The unpredictability of China vendor communication

What people are saying about Mulberry Fields
a very interesting blog…”   – a company in France


It is always a good idea at the onset of your relationship with your vendor in China to confirm who is in fact sending you emails.  Even though you may get an email with the vendor’s name that originates from the vendor’s email account, leading you to believe you are communicating directly with the vendor, it is most likely from someone in their office who speaks English and handles the correspondence with overseas customers. The reason is that very few vendors in China actually speak English. Even I have acted in this role when I worked in the Shanghai office of a major US textile company.  I sometimes wrote emails for the GM whose native language was not English and who had to communicate on sensitive issues with the US office. But the GM’s name was on those emails, not mine. By clarifying communication at the outset you may avoid misunderstandings in the future.

It is also a good idea to try to get a back up contact in your vendor’s office so, in the event the person who you communicate with is out of the office, there is someone else you can email for answers to your questions.  China vendors are often not in the habit of informing customers when they will be out of the office – even if it is for a week or more – and they do not always check their email when they are out on business. So China vendor communication can sometimes be exasperating. You may be losing sleep because you are waiting for confirmation that an order will ship on time but hear nothing from your vendor. Two weeks later, after you are apoplectic, you get an email in which your contact tells you she was away for a family emergency and your order has shipped.  If you know the pitfalls of China vendor communication up front then it is easier to deal with when it happens.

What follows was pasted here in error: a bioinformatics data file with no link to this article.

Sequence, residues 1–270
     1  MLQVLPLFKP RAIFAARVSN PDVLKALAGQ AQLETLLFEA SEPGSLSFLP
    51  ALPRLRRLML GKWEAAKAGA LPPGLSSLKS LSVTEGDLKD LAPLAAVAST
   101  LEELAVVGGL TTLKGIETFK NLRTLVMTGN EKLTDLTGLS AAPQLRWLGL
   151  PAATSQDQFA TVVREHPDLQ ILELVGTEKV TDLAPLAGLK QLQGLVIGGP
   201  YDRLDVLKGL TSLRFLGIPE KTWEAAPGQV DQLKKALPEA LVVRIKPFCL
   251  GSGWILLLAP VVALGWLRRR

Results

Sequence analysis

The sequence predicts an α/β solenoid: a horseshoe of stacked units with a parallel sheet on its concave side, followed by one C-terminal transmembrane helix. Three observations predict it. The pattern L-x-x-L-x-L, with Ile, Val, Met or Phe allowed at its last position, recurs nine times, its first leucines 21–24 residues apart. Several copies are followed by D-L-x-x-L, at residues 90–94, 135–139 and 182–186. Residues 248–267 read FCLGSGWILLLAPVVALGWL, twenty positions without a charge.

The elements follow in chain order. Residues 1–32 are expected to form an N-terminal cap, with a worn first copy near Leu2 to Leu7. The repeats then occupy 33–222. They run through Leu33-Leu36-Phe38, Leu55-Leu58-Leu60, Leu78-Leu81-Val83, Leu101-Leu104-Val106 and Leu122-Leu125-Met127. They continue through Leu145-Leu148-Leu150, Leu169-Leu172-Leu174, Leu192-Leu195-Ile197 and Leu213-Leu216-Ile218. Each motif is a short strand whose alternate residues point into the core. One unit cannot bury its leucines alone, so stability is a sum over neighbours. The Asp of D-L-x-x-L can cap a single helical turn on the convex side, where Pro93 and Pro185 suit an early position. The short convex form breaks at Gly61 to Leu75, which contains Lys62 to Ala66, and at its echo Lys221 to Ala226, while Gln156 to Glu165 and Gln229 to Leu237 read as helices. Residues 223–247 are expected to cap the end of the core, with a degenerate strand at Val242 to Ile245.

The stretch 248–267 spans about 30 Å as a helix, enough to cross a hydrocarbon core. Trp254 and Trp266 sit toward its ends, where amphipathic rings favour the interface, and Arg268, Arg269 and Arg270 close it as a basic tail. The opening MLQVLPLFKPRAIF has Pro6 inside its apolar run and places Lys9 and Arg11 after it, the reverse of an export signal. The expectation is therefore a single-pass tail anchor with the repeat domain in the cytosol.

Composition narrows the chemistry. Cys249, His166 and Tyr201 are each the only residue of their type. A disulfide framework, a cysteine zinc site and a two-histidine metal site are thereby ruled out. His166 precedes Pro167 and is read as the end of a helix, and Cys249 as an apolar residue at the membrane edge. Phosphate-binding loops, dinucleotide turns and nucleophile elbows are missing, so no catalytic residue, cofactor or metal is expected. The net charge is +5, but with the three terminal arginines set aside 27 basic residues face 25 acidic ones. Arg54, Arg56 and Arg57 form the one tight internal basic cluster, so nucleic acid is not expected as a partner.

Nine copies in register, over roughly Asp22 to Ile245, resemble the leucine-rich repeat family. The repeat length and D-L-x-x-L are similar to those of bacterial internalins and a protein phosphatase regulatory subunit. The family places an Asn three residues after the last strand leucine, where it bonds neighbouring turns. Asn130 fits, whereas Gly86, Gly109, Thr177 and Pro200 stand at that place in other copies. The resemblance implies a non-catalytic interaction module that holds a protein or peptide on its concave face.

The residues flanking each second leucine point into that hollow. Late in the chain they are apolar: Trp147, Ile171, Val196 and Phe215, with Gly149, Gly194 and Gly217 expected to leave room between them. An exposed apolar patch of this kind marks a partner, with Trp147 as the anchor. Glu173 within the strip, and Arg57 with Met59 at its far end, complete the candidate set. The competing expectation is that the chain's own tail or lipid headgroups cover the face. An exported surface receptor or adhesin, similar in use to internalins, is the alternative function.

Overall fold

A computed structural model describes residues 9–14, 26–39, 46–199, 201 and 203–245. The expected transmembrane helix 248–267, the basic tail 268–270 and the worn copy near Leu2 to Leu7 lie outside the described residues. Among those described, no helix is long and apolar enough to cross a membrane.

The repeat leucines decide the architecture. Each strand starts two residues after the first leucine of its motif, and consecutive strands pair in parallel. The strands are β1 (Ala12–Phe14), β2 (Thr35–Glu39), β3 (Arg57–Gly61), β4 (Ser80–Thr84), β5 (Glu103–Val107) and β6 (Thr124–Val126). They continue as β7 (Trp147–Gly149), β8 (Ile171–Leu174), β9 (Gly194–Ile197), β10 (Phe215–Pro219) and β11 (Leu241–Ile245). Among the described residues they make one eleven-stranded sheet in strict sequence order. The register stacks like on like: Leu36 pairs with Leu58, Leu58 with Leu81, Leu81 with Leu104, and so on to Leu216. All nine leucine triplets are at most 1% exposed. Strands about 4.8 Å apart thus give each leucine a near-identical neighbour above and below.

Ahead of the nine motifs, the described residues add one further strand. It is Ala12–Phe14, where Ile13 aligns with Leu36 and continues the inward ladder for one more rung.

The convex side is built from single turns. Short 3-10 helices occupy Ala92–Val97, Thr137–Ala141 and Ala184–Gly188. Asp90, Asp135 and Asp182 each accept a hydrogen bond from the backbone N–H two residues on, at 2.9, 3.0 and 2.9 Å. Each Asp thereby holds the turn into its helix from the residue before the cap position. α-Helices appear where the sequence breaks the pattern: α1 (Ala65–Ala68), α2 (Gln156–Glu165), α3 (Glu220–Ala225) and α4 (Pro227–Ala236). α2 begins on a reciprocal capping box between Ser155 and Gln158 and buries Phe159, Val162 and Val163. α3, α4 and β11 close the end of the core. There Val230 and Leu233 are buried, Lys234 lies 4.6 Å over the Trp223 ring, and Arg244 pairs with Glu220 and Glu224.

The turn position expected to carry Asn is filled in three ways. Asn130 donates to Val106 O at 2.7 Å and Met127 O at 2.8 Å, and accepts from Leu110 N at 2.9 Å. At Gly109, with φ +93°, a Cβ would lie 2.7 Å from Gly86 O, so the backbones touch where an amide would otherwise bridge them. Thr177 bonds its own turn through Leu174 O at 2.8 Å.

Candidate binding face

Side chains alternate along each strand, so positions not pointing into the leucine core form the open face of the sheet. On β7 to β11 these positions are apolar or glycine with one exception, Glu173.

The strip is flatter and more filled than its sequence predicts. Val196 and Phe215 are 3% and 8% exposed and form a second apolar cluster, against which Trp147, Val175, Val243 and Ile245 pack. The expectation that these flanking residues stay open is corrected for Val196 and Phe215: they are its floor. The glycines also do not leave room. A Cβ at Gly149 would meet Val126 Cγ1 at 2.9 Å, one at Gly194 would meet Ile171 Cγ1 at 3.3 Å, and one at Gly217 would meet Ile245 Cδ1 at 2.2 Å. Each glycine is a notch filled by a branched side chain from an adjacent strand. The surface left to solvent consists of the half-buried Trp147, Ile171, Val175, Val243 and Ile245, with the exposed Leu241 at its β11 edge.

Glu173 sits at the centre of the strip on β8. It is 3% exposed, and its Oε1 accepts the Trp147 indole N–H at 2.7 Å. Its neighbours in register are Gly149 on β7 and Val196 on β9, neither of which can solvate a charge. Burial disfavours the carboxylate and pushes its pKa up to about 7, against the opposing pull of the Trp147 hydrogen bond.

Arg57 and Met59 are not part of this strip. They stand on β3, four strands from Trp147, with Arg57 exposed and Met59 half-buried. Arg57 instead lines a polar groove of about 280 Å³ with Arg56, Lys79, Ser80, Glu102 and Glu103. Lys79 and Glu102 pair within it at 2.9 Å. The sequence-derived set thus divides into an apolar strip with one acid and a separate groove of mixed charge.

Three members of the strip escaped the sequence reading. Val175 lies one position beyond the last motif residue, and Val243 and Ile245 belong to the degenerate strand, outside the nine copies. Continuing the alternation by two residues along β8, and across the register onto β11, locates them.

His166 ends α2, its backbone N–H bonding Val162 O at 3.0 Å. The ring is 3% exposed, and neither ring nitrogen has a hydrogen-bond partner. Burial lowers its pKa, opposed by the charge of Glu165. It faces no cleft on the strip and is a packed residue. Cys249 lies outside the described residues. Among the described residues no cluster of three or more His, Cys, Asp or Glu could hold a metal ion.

A final thought:  If you do go to China to meet your vendor, take a gift for the person you have been communicating with.  In many cases these are young graduates who do not make a lot of money and certainly cannot afford, although they may desire, western name brand goods (still expensive in China). They will appreciate your gesture and it will probably ensure good and timely communication in the future.  When I worked in wholesale in the US I picked up gifts – usually a small bottle of perfume for my factory contact and a case of cigarettes for my vendor –  before my trips to China.  My boss at first questioned these gifts but after one trip to China with me he saw the efficacy of it. It engenders good feeling all around.  Not to mention the fact that usually your China hosts will roll out the red carpet for you when you visit them and overload you with China souvenirs before you leave.  It is nice to reciprocate.



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